Since electric cars contain fewer components than conventional models, auto manufacturers won't make the same earnings from aftermarket sales and service. Consequently, they'll have to find other sources of income and one way is to offer different types of digital services and to share information that the cars gather with other industries – such as the insurance industry, which could base premiums on driving style.

Creating an ecosystem for the aftermarket

Auto manufacturers will not want to let go of a customer following a car sale. Instead, they'll want a continued relationship in order to sell new services and to create ecosystems for aftermarket initiatives. So anyone buying a new car in the next few years can expect it to be connected to the internet and to gather information. We'll need to make active choices when it comes to what we want to share and whether we want to try new services for direct feedback.

Several companies in the region work with the so-called user experience, that is, the human-machine interface. Interface designs and available applications will be one way for automotive manufacturers to profile themselves, as will enhanced traffic safety aspects. Having a personal profile that can be directly uploaded via the car's centre console and sitting on the sofa at home configuring the car's interface could become as common as creating playlists for Spotify, according to Per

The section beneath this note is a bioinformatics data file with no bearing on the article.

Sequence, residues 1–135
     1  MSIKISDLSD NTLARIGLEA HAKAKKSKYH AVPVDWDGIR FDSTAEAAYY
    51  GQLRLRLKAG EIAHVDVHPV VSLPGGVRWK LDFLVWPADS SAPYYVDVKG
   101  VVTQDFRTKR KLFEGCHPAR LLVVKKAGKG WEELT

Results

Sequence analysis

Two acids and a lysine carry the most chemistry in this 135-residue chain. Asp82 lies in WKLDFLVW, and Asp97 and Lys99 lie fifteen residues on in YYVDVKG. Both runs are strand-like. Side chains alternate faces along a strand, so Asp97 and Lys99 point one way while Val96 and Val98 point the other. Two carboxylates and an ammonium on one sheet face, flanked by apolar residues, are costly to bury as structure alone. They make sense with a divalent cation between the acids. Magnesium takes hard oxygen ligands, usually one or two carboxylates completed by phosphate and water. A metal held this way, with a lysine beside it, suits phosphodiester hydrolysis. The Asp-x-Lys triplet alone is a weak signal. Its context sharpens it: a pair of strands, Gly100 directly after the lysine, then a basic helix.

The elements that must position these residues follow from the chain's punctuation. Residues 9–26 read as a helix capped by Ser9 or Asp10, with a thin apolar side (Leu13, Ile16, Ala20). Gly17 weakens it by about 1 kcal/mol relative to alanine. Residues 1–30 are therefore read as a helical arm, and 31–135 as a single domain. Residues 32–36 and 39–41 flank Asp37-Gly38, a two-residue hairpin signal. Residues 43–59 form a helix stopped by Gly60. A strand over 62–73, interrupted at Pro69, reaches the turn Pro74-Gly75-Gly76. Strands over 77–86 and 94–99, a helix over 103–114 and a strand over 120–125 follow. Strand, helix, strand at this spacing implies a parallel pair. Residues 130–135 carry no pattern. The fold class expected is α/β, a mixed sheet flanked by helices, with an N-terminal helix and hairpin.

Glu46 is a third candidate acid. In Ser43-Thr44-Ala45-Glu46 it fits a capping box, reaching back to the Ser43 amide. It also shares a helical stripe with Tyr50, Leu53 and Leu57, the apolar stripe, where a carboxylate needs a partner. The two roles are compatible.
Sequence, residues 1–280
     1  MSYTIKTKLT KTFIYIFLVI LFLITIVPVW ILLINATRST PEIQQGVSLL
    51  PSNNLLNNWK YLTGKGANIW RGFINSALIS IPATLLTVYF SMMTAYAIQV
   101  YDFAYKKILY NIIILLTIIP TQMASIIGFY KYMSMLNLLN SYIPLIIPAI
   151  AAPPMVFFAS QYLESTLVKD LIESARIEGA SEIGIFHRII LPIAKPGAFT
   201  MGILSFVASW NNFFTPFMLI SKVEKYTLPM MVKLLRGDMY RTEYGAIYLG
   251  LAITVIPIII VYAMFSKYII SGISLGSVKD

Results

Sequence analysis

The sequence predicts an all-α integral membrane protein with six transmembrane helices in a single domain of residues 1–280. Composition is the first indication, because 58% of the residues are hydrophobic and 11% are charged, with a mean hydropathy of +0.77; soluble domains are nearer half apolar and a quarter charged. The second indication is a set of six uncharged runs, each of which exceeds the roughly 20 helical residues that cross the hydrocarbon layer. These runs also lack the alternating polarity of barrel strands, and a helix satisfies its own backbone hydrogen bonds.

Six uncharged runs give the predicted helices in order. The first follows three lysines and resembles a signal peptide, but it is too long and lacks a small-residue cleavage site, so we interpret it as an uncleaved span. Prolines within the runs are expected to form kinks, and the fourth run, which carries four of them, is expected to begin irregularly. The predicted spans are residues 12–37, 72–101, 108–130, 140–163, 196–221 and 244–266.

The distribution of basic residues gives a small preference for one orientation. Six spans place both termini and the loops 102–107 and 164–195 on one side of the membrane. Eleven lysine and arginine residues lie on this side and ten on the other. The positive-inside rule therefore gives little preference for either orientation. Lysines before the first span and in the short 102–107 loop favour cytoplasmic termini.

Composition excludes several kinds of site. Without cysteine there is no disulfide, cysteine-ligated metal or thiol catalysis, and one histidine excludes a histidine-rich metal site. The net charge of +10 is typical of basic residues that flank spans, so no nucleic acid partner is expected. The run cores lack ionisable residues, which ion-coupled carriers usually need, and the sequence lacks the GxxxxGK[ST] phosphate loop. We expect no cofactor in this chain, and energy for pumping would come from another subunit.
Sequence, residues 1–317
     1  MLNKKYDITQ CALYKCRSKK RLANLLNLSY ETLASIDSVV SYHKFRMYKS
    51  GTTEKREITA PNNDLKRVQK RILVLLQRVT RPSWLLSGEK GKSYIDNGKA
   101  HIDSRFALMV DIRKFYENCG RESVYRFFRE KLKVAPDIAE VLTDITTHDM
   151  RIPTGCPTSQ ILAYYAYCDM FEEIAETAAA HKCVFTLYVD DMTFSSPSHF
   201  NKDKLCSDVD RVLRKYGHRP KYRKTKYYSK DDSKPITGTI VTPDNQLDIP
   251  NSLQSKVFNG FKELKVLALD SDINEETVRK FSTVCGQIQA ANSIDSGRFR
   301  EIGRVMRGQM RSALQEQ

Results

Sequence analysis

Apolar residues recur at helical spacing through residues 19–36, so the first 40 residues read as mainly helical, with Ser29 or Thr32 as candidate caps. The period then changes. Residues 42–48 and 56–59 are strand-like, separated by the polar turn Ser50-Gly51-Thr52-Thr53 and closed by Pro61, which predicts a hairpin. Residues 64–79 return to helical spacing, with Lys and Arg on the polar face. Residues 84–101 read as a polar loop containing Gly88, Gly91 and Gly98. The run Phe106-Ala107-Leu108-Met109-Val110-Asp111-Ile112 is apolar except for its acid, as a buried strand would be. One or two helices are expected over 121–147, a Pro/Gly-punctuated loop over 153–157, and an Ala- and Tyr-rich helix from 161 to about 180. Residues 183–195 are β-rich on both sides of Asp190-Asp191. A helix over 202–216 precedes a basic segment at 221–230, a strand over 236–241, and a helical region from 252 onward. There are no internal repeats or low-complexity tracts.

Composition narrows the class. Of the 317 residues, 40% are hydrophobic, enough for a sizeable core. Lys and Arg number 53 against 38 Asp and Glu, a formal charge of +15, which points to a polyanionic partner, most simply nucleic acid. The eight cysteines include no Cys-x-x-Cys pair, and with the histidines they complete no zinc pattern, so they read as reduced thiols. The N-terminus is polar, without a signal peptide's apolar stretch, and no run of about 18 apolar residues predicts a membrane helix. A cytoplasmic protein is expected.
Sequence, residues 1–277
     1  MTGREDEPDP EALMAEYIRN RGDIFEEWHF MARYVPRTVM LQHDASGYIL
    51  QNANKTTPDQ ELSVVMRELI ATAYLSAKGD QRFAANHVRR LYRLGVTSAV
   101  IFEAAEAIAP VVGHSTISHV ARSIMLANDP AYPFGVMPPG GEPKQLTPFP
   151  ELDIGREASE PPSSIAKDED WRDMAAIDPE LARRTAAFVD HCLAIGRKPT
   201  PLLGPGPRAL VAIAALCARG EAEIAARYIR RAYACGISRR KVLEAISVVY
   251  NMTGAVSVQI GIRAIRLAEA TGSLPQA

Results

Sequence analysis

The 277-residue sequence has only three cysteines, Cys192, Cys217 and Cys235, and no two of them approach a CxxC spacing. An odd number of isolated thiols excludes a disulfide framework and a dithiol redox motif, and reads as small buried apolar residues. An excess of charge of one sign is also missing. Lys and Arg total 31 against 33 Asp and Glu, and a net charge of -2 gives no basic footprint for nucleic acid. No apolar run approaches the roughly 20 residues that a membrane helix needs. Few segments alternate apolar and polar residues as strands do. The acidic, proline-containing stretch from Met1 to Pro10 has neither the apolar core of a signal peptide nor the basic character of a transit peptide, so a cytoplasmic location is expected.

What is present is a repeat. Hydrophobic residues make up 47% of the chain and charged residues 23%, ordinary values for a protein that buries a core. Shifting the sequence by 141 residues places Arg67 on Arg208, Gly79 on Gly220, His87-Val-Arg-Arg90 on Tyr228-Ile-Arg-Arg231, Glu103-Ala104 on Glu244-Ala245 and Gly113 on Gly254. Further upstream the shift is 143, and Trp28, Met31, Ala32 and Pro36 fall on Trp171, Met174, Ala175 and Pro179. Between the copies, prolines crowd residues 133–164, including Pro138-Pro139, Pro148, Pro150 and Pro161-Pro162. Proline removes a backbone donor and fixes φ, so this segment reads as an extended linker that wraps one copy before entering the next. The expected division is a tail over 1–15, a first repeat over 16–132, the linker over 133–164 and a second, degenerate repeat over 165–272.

"On the other hand, the option to drive yourself will remain for a very long time, perhaps indefinitely, until we have systems that function at all levels everywhere. Such a need won't exist, rather solutions will be adapted to market needs and those will probably encompass commuting, transport and perhaps parking," says Per.